The Cape has more than its fair share of fabulous restaurants, lucky us…and The Food Barn is right up there. Co-founders Franck Dangereux (the chef) and Pete de Bruin have done something really clever by serving what is high-level fine dining in a totally relaxed environment without pretension and fussiness. You can bet no-one feels uncomfortable or intimidated when they are eating at The Food Barn, the atmosphere, service and whole feel of the place ensure that, plus the food is just wonderful.
I always think that you can tell Franck really loves cooking, the dishes are made and presented with love and are never quite what you’re expecting when they arrive at the table – in a good way! I can’t wait to see what my masterpiece meal is going to look and taste like.
The fresh fish (tuna) tartare I started with today came with lime, basil and avocado, aioli, soy and petit mussel fritters. Creamy, limy avocado (and a substantial portion of it), topped with the freshed of tuna and surrounded by a cornucopia of tasty sauces, and delicate, melt-in-the-mouth mussels.
And here’s something different…bravely ordered by Sarah who had never tried pigs trotters…braised rabbit croquettes, pig trotter and parsley samoosas, carrot ribbons, star anise juice and herb butter. An adventure on a plate – Franck does seem to like offering the more unusual options – today there was tripe as a main course, for example.
This prawn fritter starter is legendary among regulars – these are not your regular fritters. They come with a celeriac remoulade tian, sweet calamata tapenade, crunchy legs and basil salsa. This dish is sweet, succulent, crunchy and herby and results in plates wiped as clean as can be!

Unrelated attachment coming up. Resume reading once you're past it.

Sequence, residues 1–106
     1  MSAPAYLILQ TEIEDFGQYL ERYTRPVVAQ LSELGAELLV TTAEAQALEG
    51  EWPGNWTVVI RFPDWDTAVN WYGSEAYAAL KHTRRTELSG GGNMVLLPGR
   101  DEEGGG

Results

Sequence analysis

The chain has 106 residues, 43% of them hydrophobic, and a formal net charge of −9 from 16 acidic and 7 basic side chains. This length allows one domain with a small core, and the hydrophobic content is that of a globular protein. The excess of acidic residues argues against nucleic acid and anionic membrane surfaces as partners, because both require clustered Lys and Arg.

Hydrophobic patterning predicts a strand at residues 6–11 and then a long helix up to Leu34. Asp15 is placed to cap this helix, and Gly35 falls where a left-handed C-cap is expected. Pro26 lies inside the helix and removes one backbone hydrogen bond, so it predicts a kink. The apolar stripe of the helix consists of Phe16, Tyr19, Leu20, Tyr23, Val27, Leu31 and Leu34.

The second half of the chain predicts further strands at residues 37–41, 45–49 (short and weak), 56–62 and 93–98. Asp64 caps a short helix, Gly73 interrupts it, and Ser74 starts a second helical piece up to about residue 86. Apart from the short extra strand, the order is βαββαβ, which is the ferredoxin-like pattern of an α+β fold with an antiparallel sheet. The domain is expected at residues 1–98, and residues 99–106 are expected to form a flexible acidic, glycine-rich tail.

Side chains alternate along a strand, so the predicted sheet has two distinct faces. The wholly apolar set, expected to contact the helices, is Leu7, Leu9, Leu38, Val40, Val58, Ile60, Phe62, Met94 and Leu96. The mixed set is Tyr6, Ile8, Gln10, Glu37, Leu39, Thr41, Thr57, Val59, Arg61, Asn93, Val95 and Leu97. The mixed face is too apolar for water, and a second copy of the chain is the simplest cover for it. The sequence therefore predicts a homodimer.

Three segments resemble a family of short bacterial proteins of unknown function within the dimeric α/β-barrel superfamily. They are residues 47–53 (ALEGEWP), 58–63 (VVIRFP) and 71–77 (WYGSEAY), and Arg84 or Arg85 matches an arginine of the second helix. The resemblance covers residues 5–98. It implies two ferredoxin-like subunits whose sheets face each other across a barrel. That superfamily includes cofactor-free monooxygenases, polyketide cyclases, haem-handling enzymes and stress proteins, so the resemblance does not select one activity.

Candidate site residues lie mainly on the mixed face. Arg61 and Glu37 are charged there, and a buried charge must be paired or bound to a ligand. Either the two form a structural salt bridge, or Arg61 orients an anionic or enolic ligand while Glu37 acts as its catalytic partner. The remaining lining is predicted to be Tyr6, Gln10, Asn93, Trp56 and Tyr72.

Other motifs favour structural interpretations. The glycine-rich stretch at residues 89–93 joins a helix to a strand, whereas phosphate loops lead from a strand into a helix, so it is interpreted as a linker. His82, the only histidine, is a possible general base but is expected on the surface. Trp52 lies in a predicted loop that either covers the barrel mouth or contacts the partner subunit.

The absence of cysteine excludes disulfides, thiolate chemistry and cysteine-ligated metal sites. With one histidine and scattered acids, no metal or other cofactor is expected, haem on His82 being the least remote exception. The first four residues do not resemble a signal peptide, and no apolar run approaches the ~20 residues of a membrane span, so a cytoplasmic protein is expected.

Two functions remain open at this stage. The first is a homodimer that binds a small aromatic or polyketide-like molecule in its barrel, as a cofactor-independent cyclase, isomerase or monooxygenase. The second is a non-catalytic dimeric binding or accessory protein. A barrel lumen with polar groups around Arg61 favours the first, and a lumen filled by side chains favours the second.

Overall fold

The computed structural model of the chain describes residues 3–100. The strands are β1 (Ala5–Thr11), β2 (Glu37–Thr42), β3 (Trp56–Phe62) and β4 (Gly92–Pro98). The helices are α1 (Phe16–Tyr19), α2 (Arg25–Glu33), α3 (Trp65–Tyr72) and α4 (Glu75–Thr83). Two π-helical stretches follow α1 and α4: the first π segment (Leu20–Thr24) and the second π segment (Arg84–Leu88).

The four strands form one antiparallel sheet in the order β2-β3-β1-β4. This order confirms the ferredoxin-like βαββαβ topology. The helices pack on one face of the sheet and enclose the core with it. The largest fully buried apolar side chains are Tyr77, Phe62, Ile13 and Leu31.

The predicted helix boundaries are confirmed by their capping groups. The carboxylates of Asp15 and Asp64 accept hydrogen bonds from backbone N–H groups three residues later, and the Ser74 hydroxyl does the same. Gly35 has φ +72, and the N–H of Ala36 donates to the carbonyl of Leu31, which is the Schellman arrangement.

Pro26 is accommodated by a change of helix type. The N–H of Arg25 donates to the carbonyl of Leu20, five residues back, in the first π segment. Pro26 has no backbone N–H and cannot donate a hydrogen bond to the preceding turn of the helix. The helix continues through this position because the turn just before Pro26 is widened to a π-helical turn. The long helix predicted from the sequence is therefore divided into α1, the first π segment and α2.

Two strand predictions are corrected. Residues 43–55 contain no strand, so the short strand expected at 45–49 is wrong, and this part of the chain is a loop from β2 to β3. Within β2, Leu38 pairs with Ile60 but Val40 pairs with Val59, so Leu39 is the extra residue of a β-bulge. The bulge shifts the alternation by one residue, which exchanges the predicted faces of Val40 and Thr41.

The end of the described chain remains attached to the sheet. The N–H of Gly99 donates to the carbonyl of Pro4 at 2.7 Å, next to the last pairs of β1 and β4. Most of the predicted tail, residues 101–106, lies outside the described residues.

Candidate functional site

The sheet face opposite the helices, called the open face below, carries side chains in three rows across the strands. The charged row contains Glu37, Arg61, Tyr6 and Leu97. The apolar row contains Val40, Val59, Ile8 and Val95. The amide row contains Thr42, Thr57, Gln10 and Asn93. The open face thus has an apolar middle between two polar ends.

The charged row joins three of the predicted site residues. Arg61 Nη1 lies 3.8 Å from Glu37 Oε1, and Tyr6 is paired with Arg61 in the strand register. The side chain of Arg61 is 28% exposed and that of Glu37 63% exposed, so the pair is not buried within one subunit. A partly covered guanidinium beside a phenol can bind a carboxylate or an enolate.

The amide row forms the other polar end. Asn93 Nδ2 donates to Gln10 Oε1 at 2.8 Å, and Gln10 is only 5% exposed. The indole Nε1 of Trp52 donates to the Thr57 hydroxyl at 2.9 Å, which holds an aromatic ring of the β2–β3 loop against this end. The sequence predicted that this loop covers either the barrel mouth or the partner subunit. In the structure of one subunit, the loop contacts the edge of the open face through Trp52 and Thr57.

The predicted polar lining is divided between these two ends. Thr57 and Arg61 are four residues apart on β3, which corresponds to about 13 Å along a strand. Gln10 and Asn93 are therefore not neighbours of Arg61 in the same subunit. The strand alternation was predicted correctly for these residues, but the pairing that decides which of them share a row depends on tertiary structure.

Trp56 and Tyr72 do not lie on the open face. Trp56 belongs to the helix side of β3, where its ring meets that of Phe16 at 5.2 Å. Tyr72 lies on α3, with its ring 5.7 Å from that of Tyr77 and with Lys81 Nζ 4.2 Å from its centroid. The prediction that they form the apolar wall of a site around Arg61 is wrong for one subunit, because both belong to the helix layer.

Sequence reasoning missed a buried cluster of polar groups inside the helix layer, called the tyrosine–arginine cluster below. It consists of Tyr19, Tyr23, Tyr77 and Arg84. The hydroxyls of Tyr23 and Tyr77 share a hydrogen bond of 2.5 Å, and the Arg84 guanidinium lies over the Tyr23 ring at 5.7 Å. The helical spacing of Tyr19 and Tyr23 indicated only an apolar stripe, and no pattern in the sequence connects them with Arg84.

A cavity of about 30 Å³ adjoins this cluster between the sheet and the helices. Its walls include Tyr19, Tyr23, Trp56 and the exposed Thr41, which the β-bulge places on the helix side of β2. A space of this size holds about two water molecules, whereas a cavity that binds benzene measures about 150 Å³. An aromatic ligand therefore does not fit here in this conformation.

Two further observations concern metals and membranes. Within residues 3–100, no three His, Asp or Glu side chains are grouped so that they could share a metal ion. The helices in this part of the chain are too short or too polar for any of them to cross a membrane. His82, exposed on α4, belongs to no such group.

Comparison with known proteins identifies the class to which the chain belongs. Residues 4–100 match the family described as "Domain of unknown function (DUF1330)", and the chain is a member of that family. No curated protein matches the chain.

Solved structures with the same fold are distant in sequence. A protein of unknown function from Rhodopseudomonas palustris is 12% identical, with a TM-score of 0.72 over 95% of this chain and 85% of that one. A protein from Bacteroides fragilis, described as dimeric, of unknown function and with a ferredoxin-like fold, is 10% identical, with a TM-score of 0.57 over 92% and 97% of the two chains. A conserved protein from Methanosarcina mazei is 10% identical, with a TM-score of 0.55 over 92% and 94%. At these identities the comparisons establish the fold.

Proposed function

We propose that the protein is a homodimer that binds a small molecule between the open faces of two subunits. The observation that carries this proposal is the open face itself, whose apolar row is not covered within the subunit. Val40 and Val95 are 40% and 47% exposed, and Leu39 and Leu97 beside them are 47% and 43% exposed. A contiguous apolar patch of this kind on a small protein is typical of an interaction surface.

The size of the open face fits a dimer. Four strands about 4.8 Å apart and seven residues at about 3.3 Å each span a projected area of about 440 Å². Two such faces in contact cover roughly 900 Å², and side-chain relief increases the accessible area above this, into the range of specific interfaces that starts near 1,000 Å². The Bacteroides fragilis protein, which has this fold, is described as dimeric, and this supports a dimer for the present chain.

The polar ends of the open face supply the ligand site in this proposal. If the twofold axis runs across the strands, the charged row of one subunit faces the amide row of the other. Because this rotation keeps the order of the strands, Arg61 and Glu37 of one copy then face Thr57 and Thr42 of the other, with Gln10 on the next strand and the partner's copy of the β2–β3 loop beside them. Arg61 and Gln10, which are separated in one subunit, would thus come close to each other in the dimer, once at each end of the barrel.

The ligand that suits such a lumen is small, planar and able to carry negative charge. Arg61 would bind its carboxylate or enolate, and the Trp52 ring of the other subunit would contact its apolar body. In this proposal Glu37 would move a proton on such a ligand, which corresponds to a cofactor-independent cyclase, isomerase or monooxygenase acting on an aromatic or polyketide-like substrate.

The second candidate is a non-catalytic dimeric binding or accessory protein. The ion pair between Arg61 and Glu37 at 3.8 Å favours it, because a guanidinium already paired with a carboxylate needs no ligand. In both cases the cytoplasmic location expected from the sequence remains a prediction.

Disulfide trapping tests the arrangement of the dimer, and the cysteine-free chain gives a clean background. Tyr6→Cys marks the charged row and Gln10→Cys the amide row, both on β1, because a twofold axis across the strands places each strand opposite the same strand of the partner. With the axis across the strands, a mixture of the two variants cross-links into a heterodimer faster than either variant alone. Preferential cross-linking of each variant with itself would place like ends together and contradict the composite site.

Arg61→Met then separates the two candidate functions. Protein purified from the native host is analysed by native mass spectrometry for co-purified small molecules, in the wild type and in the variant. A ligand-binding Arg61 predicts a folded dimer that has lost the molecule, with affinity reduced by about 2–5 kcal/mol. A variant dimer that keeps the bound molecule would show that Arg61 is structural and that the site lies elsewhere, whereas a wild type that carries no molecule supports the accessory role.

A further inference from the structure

The petite Bouillabaise du Cap was packed with mussels, fish and prawns and came with a rouille sauce and crouton. The taste of the sea in a bowl.
For mains I opted for the Karoo lamb. Roasted rack with Dijon mustard herb crumbs, tomato, basil and pecorino quiche and a thyme scented jus. Karoo lamb is world class – flavoursome and tender and this rack arrived perfectly pink as recommended by the chef. I also loved the little quiche it rested on, the perfect companion.
The spring risotto was a celebration of herbs – basil, chervil, parsley and chives giving the creamy rice a real uplifting zest. It can be ordered plain or with plump sauted prawns (as here). A must-have for risotto fans.
Today’s grilled sustainable fish was tuna and it was served with a Basque pepper ragout, wild rocket, chorizo and red onion spring rolls and smoked paprika cream. A wonderfully Spanish influence coming through in this pretty-as-a-picture dish.
The pasture reared beef was a grilled sirloin served with an onion tart tatin and a rich Cabernet jus. We also ordered a selection of fresh market vegetables which all got polished off smartly. Even the vegetables are impossible to resist at The Food Barn.
A selection of desserts were ordered to share (this is getting to be a habit). They were all spectacles to behold as you can see. My highlight – the hibiscus ice cream in the third one. The creme brulee was pretty damn spectacular, too. Thanks to Sarah for letting me use her pudding pictures – stunning they are, too.
How I love lunch at The Food Barn – we were the last to leave the restaurant – which is not the first time and probably won’t be the last. It’s hard to tear yourself away – no one’s rushing you and you want to hold on to that state of total contentment. Some of it is still lingering nearly a week later…
The Food Barn is in Noordhoek Farm Village on the corner of Village Lane and Noordhoek Main Road.